Using Social Stories in Speech Therapy
What Is It?
A social story is exactly what it sounds like: a brief, simple story designed to teach children about social situations and appropriate responses. Social stories were originally developed in 1991 by Carol Gray of The Gray Center. Gray had been a consultant to students with autism spectrum disorder (ASD). Social stories were originally intended solely for use by those with ASD; however, they can also be helpful for improving communication in non-autistic children.
What Do Social Stories Address?
Children with autism typically have difficulty with reciprocal social interactions. That is, they cannot or do not wish to interact with their peers. They often have difficulty maintaining the flow of a conversation, they might offer inappropriate responses, or they might obsessively talk about one specific topic. Social stories are designed to address these communication issues.
How Do Social Stories Work?
Social stories are intended to work by providing frameworks for the child’s social interactions. They provide clear, easy-to-follow descriptions of social situations and the appropriate responses and behaviors. It has also been suggested that social stories may help children to organize social cues and reduce social anxiety. This might allow a child to more effectively concentrate on the social situation.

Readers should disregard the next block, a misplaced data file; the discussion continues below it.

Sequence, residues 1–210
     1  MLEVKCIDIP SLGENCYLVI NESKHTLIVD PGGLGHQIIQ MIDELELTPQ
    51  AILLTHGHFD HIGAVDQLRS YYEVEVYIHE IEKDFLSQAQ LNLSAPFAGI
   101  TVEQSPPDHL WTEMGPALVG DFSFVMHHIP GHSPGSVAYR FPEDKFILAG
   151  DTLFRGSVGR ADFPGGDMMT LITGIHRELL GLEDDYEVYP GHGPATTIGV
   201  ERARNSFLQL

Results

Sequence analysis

Social stories might also help reduce inappropriate behaviors and teach problem-solving skills. However, it’s worth noting that some object to the use of social stories to teach appropriate social responses because of the possibility that this technique teaches just one response to a situation.
How Are Social Stories Written?
Social stories use simple descriptive sentences to provide basic details about a situation. They also use perspective sentences to describe possible emotional responses. Directive sentences inform the child of socially acceptable responses and behaviors. These are the basic types of sentences; some social stories may use others.
Social stories are written from the child’s point of view, in first person. They are always written in the present tense. Teachers, parents, and speech-language pathologists (SLP) can customize a social story to match the child’s comprehension and vocabulary. Some examples of social stories are available at The Gray Center’s website.
How to Use Social Stories
Social stories should be read aloud with the child two or more times. The parent, teacher, or SLP will then use role-play to check the child’s comprehension. For example, you might say, “Let’s make-believe that we’re at the beach. What happens at the beach?” Each day, reread the social stories that you and your child and currently working on until your child no longer needs them.